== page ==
Poll results: Should recruiters get permission before sharing a mining job seekers CV?

Man infront of sunset on mine site

We polled almost 200 mining job candidates and found out how they feel about one of recruitment’s poorer practices, misrepresentation.

Should recruiters ask a candidate’s permission before putting their name forward for a job?

That was the simple question we asked in our regularly monthly poll in February 2020.

The response was a resounding yes.

Almost 200 people took the time to reply, with 77.8% insisting mining recruitment companies should gain approval from a jobseeker before recommending them for any position.


Why it’s time to stamp out this poor recruitment practice

Forwarding a candidate’s resume to a prospective employer without first getting approval is a common industry practice. Our poll found that almost half of all respondents (49.5%) had experienced a recruiter forwarding the information without prior approval.

When Mining People first opened its doors 25 years ago, it was one of several ironclad promises we made: we would never submit a candidate for a job without asking first.

After all, the candidate may not be interested in the role. Or they may specifically not want to work for that company. The pay rate might not be enough. The manager might be someone they don’t respect. The roster might be terrible for them. There are any number of reasons a candidate might not want their name to go forward for a particular job.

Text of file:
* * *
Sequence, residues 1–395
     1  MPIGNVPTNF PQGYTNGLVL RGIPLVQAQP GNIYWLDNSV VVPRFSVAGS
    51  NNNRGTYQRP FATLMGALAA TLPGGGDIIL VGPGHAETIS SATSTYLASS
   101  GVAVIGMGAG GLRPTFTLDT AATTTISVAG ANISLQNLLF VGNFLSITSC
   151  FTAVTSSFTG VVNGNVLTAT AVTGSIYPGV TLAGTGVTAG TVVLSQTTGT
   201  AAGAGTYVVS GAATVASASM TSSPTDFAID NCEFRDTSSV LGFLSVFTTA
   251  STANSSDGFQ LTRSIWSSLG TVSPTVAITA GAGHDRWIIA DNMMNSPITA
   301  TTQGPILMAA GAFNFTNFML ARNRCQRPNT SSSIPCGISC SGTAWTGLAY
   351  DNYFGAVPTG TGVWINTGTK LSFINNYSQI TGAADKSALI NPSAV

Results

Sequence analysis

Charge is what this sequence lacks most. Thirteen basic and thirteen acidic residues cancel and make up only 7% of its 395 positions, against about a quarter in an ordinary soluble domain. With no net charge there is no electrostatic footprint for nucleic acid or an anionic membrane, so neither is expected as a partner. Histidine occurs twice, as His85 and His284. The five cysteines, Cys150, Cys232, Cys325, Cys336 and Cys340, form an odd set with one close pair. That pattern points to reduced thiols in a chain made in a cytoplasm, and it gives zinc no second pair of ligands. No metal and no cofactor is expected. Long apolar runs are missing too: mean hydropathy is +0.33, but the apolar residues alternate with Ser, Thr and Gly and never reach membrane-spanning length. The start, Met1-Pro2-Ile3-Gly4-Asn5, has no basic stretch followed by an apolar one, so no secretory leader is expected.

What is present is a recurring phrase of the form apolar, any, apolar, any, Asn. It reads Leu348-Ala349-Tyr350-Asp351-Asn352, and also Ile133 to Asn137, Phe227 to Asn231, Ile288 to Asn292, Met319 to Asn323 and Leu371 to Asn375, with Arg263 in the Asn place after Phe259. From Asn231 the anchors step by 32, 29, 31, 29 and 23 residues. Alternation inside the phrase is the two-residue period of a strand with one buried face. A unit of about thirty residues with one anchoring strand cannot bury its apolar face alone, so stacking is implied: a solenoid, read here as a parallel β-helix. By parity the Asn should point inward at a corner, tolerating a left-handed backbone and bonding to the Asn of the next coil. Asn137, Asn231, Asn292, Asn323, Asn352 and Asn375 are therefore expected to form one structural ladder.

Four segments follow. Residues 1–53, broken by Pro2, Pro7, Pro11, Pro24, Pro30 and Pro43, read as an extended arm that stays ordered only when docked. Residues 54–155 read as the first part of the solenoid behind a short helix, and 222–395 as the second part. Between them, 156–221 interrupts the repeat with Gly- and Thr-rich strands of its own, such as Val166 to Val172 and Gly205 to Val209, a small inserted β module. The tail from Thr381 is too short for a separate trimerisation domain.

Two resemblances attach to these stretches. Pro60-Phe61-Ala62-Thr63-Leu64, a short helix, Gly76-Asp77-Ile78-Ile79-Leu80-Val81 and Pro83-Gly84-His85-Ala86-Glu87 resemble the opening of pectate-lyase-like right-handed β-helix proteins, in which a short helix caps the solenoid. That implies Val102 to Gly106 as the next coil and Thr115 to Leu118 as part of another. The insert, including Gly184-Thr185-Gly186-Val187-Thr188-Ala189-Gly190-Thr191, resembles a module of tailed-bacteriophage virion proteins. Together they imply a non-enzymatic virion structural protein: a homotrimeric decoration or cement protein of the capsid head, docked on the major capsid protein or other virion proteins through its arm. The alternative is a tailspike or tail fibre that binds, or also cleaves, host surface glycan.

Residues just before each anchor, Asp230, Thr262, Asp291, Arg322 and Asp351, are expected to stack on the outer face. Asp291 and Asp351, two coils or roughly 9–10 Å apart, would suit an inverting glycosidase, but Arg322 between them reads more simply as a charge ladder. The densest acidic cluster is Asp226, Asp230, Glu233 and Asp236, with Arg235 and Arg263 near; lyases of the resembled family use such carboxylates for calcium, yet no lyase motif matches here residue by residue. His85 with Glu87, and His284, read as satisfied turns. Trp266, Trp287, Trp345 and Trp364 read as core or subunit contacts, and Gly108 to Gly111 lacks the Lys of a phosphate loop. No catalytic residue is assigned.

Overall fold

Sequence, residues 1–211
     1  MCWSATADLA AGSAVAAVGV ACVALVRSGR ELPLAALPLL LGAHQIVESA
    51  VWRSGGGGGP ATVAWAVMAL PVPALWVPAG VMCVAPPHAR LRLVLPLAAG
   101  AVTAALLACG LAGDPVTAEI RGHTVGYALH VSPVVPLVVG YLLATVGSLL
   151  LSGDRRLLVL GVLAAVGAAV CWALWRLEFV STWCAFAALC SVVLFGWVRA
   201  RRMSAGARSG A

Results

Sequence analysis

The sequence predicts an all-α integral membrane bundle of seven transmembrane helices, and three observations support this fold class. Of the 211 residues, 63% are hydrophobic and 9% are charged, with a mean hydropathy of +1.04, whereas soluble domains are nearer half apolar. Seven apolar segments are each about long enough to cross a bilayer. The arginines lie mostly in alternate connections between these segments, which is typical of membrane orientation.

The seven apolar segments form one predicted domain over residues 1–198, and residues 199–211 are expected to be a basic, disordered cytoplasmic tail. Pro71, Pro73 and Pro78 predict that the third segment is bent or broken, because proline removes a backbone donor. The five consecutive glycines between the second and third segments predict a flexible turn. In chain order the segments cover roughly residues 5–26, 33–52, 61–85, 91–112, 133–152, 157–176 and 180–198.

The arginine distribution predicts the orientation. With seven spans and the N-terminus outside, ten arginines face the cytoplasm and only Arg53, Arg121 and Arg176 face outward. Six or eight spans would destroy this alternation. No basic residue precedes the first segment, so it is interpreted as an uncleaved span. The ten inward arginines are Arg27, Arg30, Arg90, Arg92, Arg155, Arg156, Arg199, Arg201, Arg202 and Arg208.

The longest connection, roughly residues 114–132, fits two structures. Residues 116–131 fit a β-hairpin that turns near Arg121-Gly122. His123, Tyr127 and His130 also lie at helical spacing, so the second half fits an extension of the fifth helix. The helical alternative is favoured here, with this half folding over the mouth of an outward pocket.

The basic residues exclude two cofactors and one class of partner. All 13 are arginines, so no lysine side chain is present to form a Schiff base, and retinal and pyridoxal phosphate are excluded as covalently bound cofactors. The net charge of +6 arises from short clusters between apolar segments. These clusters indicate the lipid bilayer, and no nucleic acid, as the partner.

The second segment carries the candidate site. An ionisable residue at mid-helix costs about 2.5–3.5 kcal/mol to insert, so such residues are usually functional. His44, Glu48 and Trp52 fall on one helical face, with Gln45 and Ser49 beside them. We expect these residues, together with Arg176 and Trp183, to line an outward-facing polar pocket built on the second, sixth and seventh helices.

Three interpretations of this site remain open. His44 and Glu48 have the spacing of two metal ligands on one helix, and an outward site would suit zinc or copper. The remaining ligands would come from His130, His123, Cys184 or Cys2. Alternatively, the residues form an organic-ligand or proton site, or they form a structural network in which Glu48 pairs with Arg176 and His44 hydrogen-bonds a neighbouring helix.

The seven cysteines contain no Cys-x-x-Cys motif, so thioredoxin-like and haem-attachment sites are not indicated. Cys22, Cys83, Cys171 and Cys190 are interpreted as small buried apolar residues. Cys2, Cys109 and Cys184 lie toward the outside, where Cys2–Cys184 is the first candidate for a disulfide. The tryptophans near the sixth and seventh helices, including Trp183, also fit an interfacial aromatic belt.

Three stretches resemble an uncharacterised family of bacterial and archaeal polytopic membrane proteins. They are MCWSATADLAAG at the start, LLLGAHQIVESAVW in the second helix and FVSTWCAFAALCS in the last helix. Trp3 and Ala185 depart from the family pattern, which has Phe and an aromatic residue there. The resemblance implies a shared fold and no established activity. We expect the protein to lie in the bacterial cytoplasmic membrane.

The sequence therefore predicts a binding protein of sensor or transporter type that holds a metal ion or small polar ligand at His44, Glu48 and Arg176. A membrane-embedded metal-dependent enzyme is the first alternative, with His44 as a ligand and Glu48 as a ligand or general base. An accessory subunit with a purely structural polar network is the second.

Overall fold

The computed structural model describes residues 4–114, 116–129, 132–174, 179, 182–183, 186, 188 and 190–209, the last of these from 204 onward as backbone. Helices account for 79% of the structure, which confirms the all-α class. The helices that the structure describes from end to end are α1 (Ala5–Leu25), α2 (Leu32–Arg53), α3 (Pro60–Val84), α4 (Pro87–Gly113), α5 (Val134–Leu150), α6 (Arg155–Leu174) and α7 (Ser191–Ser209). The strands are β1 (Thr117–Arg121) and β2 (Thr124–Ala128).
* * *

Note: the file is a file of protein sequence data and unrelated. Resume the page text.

More than anything, we simply consider it a professional courtesy – both to the jobseeker and to the mining company concerned.

But, and this is one of the reasons the recruitment industry gets a bad name, sometimes while we take the time to have that discussion with the candidate, a less ethical recruiter jumps right in.

Now, in the minds of the mining company’s human resources team, that other recruiter represents the candidate. It’s first in, best dressed. So then we have to call the candidate and say we can’t represent them. Usually, the candidate is either confused, furious or horrified.

Sadly, these poor practices often win for the recruiter, so there’s no incentive for them to behave ethically.


Candidates are demanding ethical recruitment practices in mining

Hopefully, these results from the Mining People Polling/Media Centre will give some recruiters pause for thought.

Why? Because the responses to our survey are pretty conclusive: jobseekers don’t like this practice.

Of those candidates who had experienced a recruiter forwarding their details without permission, 82.3% said the recruiter was in the wrong. Of those who had not experienced it, 74.5% said recruiters needed to get permission first.

Happy candidates are the lifeblood of the recruitment industry. Extending them this simple courtesy should be a no-brainer. Our jobseeking respondents seem to be of one mind. It would be great to get recruiters and mining employers on the same page too.


Do your own research to gain a competitive advantage


You can use the Mining People Polling/Media Centre to commission your own, targeted research, with results provided exclusively to you. Please contact us if you’d like to know more.


Dan Hatch
Mining People International